36.2

.433

.349

.824

5.0

3.7

1.2

.3

19.7

2014–15

Utah

76

76

34.4

.445

.364

.812

4.9

4.1

1.4

.4

19.3

2013–14

Utah

77

77

36.4

.413

.304

.816

5.1

5.2

1.4

.5

16.2

2012–13

Utah

72

27

29.2

.435

.415

.827

3.1

3.0

.8

.5

14.1

2011–12

Utah

66

58

30.5

.456

.346

.832

3.5

3.1

.8

.6

11.8

2010–11

Utah

72

17

16.9

.485

.473

.711

1.9

1.1

.4

.3

5.4

Career

517

409

31.3

.444

.368

.820

4.2

3.4

1.0

.4

15.6

All-Star

1

0

17.3

.571

.000

.000

1.0

2.0

4.0

.0

8.0

Gordon Hayward College Stats

Year

Team

GP

GS

MPG

FG%

3P%

FT%

RPG

APG

SPG

BPG

PPG

2009–10

Butler

37

37

33.5

.464

.294

.829

8.2

1.7

1.1

.8

15.5

2008–09

Butler

32

32

32.7

.479

.448

.815

6.5

2.0

1.5

.9

13.1

Career

69

69

33.1

.470

.369

.824

7.4

1.8

1.3

.9

14.4

Gordon Hayward Contract | Gordon Hayward Salary

He signed a 4-year $127, 829, 970 contract with the Boston Celtics on July 14, 2017, including a $127, 829, 970 guaranteed and an annual salary of $31, 957,493. He began earning a base salary of  $31,214,295 while carrying a cap hit of $31,214,295 and a dead cap value of $98,102,070 in 2018-19.

Gordon Hayward Position | Gordon Hayward Shooting

He plays his position as a Power Forward and Small Forward and his shoots: Right 6-8, 225lb (203cm, 102kg).

Gordon Hayward Celtics | Gordon Hayward Injury Status

After he signed a 4-year $127, 829, 970 contract with the Boston Celtics on July 14, 2017, he suffered a fractured tibia and dislocated ankle in his left leg on October 17, 2017, just about 6 minutes into the Celtics regular-season opener against the Cleveland Cavaliers after an attempted alley-oop off a pass from Kyrie Irving, causing his leg to collapse underneath his weight and making him land awkwardly on the hardwood. He was ruled out for the entire season after undergoing surgery. He underwent his second surgery in March 2018.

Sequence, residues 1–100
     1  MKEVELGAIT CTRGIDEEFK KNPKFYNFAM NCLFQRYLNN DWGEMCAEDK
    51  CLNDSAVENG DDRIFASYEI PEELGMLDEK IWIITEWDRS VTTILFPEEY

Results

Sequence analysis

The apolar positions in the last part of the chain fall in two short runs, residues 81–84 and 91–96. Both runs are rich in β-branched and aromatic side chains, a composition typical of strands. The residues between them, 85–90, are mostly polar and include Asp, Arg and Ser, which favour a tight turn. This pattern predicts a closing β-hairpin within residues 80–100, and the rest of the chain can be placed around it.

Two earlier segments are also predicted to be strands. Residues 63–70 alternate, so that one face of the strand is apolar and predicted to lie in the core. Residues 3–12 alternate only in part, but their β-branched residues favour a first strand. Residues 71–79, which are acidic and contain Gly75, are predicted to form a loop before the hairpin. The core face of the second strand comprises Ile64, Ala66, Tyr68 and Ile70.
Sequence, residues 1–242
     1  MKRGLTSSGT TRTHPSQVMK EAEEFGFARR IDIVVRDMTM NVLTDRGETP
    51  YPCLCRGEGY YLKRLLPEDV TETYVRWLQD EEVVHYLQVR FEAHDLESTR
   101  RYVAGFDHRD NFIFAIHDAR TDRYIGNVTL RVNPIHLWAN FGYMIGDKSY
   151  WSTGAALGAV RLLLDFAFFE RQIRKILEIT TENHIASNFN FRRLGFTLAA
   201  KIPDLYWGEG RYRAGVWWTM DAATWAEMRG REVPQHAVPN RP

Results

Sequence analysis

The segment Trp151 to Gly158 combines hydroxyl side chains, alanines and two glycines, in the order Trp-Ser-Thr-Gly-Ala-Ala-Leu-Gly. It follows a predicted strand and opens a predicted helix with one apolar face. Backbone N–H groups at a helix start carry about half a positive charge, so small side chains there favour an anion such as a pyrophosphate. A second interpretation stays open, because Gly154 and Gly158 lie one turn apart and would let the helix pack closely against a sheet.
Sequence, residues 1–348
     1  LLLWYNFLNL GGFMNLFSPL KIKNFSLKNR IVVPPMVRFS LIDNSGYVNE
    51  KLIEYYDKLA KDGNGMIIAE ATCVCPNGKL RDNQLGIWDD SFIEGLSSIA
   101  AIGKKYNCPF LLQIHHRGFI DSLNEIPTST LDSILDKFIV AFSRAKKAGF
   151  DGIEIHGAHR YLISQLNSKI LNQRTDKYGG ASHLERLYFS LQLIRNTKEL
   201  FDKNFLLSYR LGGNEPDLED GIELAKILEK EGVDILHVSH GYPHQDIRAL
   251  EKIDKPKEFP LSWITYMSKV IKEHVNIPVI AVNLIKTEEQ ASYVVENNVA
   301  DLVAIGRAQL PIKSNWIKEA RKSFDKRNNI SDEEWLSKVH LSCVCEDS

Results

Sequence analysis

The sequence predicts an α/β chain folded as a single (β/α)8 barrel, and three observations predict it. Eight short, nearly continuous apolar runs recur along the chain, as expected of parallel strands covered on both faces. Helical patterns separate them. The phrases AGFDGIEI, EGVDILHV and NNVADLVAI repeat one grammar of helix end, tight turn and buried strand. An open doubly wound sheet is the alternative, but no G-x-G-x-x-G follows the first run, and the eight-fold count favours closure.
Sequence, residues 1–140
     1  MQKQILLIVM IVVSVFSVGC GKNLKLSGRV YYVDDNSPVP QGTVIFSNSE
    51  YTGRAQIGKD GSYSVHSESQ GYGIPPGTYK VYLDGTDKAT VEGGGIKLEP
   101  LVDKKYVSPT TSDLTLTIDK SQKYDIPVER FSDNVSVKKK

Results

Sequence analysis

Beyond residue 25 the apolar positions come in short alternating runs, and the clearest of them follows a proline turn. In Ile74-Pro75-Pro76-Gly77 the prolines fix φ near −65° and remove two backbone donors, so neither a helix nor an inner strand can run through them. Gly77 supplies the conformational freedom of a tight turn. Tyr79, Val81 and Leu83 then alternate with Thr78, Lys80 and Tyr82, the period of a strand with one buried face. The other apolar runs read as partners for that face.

He played his first match since his ankle injury on October 16, 2018, against the Philadelphia 76ers and recorded 10 points and 5 rebounds in 25 minutes in a 105-87 season-opening win over them. He set a new open season 115-102 win over the Timberwolves with 35 points on January 2, 2019.

 Gordon Hayward Utah Jazz | Gordon Hayward Draft | Gordon Hayward Defense

He confirmed that he would submit his name for consideration in the 2010 NBA Draft after the 2010 NCAA basketball tournament but he did not immediately hire an agent. On May 2010, he announced that he would forego his final 2 seasons of college eligibility and enter the NBA draft and hired Mark Bartelstein as an agent. he got selected as the 9th overall pick in the NBA draft by the Utah Jazz.